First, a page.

Introduction as 13km have been reported (Shephard and

Introduction

Football is a sport characterised by intermittent activity that includes
high-intensity anaerobic efforts superimposed on a background of aerobic
activity. Football places a large demanded on the body through various tasks.
The sport requires a wide range of physical components and skills to support
play. 

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Match analysis shows that the total distances covered during a 90-minute
game can range from 9,845-11,527 metres (Andrzejewski et al., 2012) Although,
distances as large as 13km have been reported (Shephard and Astrand, 1994).
This distance is covered at various speeds; walking (25%), jogging (37%),
sub-maximal cruising (20%), sprinting (11%) and tracking backwards (7%)
(Shephard & Astrand, 1994). Studies have also shown that the average
intensity exceeds 70% VO2 Max (Bangsbo, et al., 2006).

 Due to vast position related differences and specific needs,
athletes can perform at various intensities during game-play.  This essay will analyse the full back
position in football in relation to the physical qualities needed to ensure
that appropriate training parameters are set. 
In addition, an analysis of injuries will be discussed in order that
training might be planned around their prevention.

Physiological needs

Athlete’s level of play can be assessed by their physical capabilities
(e.g., aerobic and anaerobic capacity, speed, strength, and power). Players
must adapt to requirements of the game to be successful as the level of
competition increases. Football players need to achieve a reasonable balance in
the improvement of physiological and physical capabilities which is relevant to
the level of competition and positional role (M. Svensson, B. Drust, 2005).

Strength and stability 

Full back defenders are arguably the most physical players on the pitch
due to their specific job role of having to protect their goal and preventing
opponents from getting into beneficial areas. Male professionally ranked
defenders tend to have a high level of upper extremity strength along with
lower extremity strength, both assist the ability to compete when jumping in
the air for a header or when placed in the wall defending a free kick. There
are clear advantages in having both strength and stability in various planes of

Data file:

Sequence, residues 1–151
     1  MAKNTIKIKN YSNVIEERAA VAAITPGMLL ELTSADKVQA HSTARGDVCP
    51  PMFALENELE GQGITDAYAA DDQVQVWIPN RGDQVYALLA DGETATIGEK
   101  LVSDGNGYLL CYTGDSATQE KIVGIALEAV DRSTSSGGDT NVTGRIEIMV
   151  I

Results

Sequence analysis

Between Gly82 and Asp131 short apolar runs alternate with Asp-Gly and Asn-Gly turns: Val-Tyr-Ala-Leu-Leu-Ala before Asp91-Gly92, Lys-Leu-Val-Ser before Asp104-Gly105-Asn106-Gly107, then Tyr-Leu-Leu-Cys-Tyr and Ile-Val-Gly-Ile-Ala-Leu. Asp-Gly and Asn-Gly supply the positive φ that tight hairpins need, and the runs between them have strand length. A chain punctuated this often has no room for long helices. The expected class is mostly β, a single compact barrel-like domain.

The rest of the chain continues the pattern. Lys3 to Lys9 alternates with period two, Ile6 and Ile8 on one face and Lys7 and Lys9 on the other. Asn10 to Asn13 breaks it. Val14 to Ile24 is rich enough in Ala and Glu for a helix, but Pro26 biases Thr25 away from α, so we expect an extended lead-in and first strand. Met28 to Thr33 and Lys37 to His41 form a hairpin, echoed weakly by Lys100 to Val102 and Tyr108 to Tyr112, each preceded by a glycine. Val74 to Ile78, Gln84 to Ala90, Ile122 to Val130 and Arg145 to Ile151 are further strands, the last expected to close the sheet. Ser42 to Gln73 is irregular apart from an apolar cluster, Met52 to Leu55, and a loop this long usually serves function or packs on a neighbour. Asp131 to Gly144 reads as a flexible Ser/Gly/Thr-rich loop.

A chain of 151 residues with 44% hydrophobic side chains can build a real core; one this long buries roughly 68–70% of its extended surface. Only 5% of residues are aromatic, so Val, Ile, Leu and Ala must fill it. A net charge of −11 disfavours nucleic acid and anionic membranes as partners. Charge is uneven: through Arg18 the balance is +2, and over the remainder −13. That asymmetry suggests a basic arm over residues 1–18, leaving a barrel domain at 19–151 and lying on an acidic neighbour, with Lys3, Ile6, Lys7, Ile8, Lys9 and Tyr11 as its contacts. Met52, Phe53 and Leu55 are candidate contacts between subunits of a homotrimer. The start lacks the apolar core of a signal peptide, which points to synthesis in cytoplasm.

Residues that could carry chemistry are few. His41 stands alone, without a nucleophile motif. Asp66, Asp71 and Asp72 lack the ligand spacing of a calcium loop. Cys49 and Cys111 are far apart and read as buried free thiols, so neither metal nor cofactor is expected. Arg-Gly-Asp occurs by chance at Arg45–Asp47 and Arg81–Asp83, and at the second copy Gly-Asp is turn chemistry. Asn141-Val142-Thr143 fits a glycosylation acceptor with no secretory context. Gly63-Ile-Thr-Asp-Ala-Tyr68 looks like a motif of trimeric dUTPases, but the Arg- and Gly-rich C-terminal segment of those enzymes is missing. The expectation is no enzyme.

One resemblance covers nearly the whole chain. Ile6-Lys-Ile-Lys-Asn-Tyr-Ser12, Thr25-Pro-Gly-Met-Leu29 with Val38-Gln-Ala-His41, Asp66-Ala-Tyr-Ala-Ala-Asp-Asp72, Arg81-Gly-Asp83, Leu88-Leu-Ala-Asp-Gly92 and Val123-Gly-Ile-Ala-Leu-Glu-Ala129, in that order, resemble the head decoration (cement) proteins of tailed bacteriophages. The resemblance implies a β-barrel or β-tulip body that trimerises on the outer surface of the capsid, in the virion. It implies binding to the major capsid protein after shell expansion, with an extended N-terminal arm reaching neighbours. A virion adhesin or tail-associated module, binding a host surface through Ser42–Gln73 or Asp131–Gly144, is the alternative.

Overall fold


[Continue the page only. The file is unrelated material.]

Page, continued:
movement for athletes in this position.

Endurance 

The full back position partakes in multiple quick, explosive movements
that last a moderate duration, interspersed with periods of rest and
sub-maximal activity.  A desired
physiological trait needed to cope with football’s physical demand is
high-levels of physical fitness. This allows players to use their technical and
tactical attributes effectively, whilst resisting fatigue all-game long
(Krustrup, P. and Bangsbo, 2001) specifically, speed, muscular and
cardiovascular endurance support the main role the full back is tasked with.

Energy systems and capacity 

Defenders rely on their aerobic system for recovery in-between these
bouts of actions. In the modern game, top football players complete around
150-250 short duration, intense actions (sprints, shooting, tackling etc.)
throughout a game (Mohr et al., 2003). This could suggest that the rate of
anaerobic energy production will vary from low to high throughout a game. The
dominant energy will be sourced from the aerobic metabolism but in contrast the
most purposeful actions are likely to be performed in an anaerobic nature
(Wragg, Maxwell, & Doust 2000). Periods of intense exercise lead to a high
rate of phosphocreatine breakdown. In some respect PCr is resynthesized in
lower-intensity periods (Bangsbo, 1994), therefore the research suggests that a
good athlete will have a high aerobic capacity, as well as the ability to
recovery quickly from short anaerobic actions. Centre backs will benefit hugely
from understanding and training repeated sprint capacities.

Biomechanical analysis 

Football consists of multiple movements. The basic movements are; different
speeds and direction of locomotion and skill based tasked. These skills are:
passing, receiving, dribbling, shielding, shooting, heading, tackling and
intercepting. Kicking is the most prominent skill, it is the most analysed due